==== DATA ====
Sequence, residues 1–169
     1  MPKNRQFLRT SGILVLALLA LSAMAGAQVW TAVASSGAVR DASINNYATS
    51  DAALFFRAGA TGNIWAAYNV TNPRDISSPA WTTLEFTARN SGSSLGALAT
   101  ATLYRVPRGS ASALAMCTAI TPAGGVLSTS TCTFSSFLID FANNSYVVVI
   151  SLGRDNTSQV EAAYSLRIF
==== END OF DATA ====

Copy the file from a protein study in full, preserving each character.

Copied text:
Sequence, residues 1–169
     1  MPKNRQFLRT SGILVLALLA LSAMAGAQVW TAVASSGAVR DASINNYATS
    51  DAALFFRAGA TGNIWAAYNV TNPRDISSPA WTTLEFTARN SGSSLGALAT
   101  ATLYRVPRGS ASALAMCTAI TPAGGVLSTS TCTFSSFLID FANNSYVVVI
   151  SLGRDNTSQV EAAYSLRIF